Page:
I don’t know enough about schizophrenia to know whether “Fear of Rain” (2021) is portraying or exploiting the condition, but as a film, it’s quite compelling. It follows a path laid out by “Conspiracy Theory,” the 1997 gem with Mel Gibson and Julia Roberts that illustrated the idea, “just because you’re paranoid doesn’t mean they’re not out to get you.” This time we’re in Young Adult Dramaville as a high school girl struggles to filter reality through multiple demons: teen angst and a crowd of voices inside her head. Someone’s in danger, but can she – and we – figure out who?

As much as I’d like to deploy a more current analogy in describing “The Dark Crystal,” I’ll revert to 1982, when it was released. This Jim Henson puppet fantasy is a dismal cross between Dungeons and Dragons and another popular board game, Risk. There are various clans that seem to be murky geopolitical metaphors (Fascists? Pacifists? Japanese-speaking, Irish-looking Greeks?) in a parable about the Cold War concept of mutual assured destruction. Most of the puppets are extremely creative but also extremely unattractive, as are most of the mock-Medieval settings. Can you tell me how to get back to Sesame Street?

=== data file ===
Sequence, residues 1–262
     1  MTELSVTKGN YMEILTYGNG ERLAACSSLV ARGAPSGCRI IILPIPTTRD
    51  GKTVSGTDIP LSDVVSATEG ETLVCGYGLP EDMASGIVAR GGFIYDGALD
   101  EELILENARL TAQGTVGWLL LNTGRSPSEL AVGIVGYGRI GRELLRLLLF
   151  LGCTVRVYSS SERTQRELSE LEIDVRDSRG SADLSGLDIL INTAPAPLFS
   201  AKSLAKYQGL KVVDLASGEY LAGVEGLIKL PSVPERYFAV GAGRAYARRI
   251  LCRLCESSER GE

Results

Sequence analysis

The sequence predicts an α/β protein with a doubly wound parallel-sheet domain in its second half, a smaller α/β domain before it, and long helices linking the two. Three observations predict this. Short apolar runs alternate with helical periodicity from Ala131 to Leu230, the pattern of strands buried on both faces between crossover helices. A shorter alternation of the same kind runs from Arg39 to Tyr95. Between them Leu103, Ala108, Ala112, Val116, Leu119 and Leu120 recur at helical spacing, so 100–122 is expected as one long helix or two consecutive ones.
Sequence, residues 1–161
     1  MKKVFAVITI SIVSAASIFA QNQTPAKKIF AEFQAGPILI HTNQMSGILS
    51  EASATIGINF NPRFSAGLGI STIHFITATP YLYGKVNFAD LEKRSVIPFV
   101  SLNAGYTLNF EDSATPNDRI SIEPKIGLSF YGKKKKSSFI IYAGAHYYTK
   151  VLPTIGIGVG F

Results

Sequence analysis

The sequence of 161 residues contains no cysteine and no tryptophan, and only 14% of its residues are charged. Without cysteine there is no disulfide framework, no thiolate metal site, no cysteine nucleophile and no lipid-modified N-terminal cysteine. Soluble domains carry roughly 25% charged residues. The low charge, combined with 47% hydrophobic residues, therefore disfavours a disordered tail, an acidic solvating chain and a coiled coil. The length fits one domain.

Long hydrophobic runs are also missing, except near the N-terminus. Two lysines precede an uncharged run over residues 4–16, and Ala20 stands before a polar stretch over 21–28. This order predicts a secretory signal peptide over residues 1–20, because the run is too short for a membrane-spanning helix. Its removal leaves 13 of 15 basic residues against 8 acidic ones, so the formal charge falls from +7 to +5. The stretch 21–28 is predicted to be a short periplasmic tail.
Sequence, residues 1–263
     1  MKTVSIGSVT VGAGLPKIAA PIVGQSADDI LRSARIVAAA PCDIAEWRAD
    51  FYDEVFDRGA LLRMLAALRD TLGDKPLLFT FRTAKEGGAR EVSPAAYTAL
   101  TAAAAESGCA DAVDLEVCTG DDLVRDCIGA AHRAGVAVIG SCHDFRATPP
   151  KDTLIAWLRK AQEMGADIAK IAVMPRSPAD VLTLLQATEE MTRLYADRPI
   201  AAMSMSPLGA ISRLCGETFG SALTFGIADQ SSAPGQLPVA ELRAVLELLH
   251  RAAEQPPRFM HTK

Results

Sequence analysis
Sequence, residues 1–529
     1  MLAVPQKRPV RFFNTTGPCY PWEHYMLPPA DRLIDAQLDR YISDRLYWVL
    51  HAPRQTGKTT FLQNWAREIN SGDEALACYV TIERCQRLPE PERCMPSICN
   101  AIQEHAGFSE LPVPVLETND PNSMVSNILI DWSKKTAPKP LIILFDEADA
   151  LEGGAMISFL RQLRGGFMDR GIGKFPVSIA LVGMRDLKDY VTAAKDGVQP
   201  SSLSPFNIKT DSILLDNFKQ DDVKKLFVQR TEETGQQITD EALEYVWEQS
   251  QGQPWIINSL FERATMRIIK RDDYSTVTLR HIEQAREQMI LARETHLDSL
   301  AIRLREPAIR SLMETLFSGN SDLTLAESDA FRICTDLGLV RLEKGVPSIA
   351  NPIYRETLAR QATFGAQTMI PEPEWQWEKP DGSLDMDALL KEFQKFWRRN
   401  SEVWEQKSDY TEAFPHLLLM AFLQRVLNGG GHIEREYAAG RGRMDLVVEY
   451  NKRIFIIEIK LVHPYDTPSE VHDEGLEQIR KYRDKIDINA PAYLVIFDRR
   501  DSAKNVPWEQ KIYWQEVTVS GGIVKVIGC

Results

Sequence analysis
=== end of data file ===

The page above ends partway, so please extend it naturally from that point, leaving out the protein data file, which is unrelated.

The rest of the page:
I know close to nothing about MMA, so even after watching “Born a Champion” (2021), I still have no idea whether I was watching a based-on-a-true-story sports flick or a movie that was just pretending to be one. I do know “Born a Champion” is a pretty lame title. I also know MMA fans will probably like this film because there’s enough fighting (eventually) and famous MMA people (I think) in it. Otherwise, it’s a patently mediocre story following a well-worn, Rockyesque formula. Ex-Marine, hard life, fighting for his family, fighting because that’s all he knows, predictably bloody hijinks ensue.